At the turn of the twentieth century in Japan there was a self-conscious attempt to formulate an ethical canon that could provide a codification of dutiful sacrifice, selfless violence, suicidal loyalty, and honourable death. In the context of deep contestation about the relationship between tradition and modernity, nationalism and imperialism, particularism and universalism, Japanese intellectuals rediscovered and (re)invented the so-called ‘bushidō’ tradition in an ideological move that sought to render Japan as a spiritual warrior tasked with the liberation of self and other.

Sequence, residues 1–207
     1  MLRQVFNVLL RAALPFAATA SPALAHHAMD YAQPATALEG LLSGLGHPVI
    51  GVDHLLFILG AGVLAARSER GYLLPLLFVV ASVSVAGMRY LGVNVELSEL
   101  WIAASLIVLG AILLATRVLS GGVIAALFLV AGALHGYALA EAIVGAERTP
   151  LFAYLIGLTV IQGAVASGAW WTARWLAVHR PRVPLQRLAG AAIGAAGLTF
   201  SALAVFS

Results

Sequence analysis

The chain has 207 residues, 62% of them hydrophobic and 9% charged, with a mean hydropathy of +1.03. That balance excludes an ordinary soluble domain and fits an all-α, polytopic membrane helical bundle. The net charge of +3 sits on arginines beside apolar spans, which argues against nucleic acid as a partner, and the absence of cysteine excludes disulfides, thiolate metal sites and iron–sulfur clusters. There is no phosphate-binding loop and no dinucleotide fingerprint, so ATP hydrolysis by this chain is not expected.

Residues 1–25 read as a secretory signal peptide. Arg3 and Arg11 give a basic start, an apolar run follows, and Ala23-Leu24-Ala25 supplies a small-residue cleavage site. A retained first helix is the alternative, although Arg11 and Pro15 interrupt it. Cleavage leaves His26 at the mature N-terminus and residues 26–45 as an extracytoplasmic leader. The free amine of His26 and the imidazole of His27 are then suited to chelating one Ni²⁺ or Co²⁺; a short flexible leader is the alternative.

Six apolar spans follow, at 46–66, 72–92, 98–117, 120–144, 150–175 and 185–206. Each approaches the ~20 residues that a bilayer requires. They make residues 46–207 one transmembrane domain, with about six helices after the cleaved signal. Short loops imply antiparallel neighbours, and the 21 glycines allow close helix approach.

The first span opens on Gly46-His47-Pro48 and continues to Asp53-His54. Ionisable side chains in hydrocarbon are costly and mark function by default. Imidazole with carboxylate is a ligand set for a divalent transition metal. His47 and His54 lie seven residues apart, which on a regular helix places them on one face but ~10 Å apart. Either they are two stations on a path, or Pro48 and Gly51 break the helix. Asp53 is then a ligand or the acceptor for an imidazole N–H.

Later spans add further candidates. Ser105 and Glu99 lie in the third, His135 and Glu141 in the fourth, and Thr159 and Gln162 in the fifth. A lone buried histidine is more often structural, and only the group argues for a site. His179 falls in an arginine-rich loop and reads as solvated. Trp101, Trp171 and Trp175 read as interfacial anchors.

Chris Goto-Jones (BA, MA, Cambridge; MPhil, DPhil, Oxford) is Professor of Comparative Philosophy & Political Thought at Leiden University, where he is also the dean of Leiden University College in The Hague. Recent work includes, Political Philosophy in Japan: Nishida, the Kyoto School and Co-Prosperity (New York: Routledge, 2005), (ed.) Re-Politicizing the Kyoto School as Philosophy (New York: Routledge, 2008), and A Very Short Introduction to Modern Japan (Oxford: Oxford University Press, 2009). He is presently completing a book for Cambridge University Press, Beyond the Samurai: Bushido as Politics, Philosophy, and Ideology (2013).
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